My dad was actually the one to spot these little flowers in their yard. Each flower is no bigger than the tip of your pinky finger. And even though pollen is a bad word to us allergy sufferers, I think it looks quite pretty when the delicate orange tips adorn these lovely flowers.
The wildflowers in Minnesota should be blooming soon. (I’m not going to count the dandelions.) Remember to be on the lookout for what might be literally underfoot. Sometimes it’s the little things that go unnoticed. Just walk a little slower the next time you’re out and about with your camera!
ciao! or, I should say au revoir!
I thought I’d shed a little light on how this image of trees in the fog was made. Part of the process of creating an image can be as simple as recognizing when to take the picture. It was foggy and quite overcast the day I took this. I came home from running errands and quick grabbed my camera. Fog is one of those things that can disappear rather quickly. (Or it can sock you in for days—one never knows!)
This tree happens to border a farm. The fog and how I processed this image disguises that. The fog did the heavy lifting here. It’s wonderful for simplifying what would normally be a busy background. Fog helps the photographer capture dreamy landscapes, or contemplative portraits.
Back to the original image of this post. Because there was already so little color in the landscape, I chose to do a monochrome image. (Again, either shooting in or converting to black and white can be another way to simplify an image. Note that I said “can”, which doesn’t mean “always”.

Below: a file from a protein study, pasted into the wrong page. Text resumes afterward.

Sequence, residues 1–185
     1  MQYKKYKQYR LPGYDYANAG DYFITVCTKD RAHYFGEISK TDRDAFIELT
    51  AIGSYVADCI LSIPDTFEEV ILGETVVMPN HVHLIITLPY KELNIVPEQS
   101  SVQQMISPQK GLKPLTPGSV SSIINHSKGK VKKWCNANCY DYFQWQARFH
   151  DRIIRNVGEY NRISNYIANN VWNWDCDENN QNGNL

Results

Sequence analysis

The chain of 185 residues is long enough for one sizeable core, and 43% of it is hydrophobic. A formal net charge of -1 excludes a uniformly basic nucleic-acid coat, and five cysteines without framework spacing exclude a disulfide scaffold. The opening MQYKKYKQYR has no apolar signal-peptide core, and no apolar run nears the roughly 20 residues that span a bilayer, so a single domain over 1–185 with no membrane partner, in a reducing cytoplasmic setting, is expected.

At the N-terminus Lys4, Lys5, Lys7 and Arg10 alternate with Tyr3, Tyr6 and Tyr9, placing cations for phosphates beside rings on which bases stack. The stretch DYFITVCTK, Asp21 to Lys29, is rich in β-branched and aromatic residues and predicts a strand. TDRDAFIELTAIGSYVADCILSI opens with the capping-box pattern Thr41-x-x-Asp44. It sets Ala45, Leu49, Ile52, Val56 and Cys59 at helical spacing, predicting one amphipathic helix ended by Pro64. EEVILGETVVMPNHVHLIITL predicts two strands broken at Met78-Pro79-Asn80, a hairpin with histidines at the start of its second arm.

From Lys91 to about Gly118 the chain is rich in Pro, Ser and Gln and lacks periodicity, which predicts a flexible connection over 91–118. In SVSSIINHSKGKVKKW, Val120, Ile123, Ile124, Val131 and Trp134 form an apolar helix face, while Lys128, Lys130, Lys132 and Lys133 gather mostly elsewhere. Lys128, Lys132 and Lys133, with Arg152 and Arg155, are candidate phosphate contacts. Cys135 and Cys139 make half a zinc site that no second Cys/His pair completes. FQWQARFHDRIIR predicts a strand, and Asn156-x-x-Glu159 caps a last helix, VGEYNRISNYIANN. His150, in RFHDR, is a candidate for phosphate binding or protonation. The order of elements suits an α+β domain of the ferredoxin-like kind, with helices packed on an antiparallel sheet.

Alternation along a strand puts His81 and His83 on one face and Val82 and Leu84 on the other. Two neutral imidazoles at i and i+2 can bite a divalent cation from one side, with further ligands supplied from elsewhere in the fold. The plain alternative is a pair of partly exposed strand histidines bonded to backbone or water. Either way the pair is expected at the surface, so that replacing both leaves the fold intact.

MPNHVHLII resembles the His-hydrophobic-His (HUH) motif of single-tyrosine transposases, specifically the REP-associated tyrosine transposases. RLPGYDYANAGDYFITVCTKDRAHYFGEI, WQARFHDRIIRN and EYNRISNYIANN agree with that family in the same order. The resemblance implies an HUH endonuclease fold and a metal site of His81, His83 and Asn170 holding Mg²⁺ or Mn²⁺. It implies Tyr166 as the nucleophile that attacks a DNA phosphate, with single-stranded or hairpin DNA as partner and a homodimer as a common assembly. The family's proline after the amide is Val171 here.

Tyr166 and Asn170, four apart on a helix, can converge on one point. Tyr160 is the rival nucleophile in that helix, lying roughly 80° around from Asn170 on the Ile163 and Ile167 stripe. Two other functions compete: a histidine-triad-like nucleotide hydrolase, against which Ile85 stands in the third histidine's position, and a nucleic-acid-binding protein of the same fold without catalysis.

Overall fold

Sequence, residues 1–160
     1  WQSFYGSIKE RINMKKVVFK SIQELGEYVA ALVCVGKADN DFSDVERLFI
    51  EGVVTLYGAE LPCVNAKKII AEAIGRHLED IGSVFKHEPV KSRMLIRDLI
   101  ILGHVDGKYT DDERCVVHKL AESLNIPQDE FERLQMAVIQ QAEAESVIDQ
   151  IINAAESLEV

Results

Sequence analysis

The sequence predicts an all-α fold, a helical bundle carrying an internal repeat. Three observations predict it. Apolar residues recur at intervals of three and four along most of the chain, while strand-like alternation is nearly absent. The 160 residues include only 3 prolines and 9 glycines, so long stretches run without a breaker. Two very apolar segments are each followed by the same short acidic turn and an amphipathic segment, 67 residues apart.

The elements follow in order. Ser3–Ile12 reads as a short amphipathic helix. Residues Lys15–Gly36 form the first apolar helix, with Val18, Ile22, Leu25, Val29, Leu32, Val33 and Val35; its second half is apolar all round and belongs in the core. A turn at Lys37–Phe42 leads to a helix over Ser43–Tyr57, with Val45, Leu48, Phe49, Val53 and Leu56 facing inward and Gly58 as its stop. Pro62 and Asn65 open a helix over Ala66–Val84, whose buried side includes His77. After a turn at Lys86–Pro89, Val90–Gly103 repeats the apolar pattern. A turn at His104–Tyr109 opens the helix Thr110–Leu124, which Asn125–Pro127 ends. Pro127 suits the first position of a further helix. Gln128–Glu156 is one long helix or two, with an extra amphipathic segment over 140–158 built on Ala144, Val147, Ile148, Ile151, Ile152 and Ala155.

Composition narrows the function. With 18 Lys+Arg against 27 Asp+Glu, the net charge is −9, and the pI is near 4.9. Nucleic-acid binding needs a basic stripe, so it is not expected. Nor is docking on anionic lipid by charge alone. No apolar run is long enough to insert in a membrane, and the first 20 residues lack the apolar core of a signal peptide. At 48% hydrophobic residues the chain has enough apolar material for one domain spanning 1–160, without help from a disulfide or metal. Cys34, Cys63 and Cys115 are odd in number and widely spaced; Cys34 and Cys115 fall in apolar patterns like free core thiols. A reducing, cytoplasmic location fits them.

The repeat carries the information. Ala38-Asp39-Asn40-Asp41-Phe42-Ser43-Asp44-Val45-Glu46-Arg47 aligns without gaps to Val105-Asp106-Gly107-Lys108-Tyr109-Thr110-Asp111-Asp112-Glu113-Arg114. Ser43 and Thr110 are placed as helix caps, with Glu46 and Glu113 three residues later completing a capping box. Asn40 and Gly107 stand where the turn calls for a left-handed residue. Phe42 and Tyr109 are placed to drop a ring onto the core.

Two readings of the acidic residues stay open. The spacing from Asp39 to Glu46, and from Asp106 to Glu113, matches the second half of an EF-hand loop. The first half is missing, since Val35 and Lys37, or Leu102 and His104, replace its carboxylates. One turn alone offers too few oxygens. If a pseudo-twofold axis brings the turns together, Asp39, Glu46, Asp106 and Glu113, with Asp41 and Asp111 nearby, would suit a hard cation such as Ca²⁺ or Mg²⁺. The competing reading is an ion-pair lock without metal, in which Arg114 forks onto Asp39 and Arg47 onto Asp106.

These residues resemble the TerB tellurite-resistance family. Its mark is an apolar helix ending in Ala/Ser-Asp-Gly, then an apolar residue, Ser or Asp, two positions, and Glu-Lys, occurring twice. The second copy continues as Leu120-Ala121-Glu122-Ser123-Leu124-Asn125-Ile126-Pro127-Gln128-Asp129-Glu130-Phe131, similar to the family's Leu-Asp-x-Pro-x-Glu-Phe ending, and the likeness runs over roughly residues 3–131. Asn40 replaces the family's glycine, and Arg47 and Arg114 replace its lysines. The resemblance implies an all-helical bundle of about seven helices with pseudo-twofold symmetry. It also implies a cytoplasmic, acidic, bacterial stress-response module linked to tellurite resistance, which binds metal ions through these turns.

Now let the fun begin with this image. There are several layers to this image. One is the original, that is clear and in focus. That same image was duplicated and blurred a bit in Photoshop Elements. Those images were combined. Then I added a texture layer as well. Of course “texture” isn’t in the physical sense, but visually. Texture layers are typically no more than another image (or two or three) that looks like it is has texture. The easiest way to show you is to have you take a peek at Leslie’s French Kiss Textures. I have purchased many of her textures that she creates. You can even get some freebies to whet your creative appetite. The tree image used the texture image called Dirt. I tried to find the texture on her website for you, but she might have discontinued it, as I couldn’t find it.
To be able to create layered images, I believe Adobe Photoshop and Photoshop Elements are the only two programs that can do that. Perfect Layers 2 by OnOne is a stand alone software that can give you the ability to create layered images, but I don’t believe it has all the image editing capabilities of the Adobe products, Lightroom, or Aperture. (Of course there are many more image editors out there.) I have never used it; I only know it exists. It would be worth looking into if you don’t own either of the Photoshop programs.
For a future post, I’ll take some screen shots as I’m editing a photo. That will really give you a behind the scenes peek into what I create.
...say that a few times and you get froggy and frosty! (ha ha) This has been a very uninspiring winter for photography for me. No snow. Which you would think was a good thing, because the weather has been very mild. As you know, mild weather makes it far more enjoyable to operate a camera when your hands aren’t freezing into numb, useless appendages. But it just looks blah outside. Like plain oatmeal.
Well finally today there was some lovely frozen fog on the trees and grasses—nature’s bling. I wish I had more time outside, but hopefully these images capture the bling of the moment.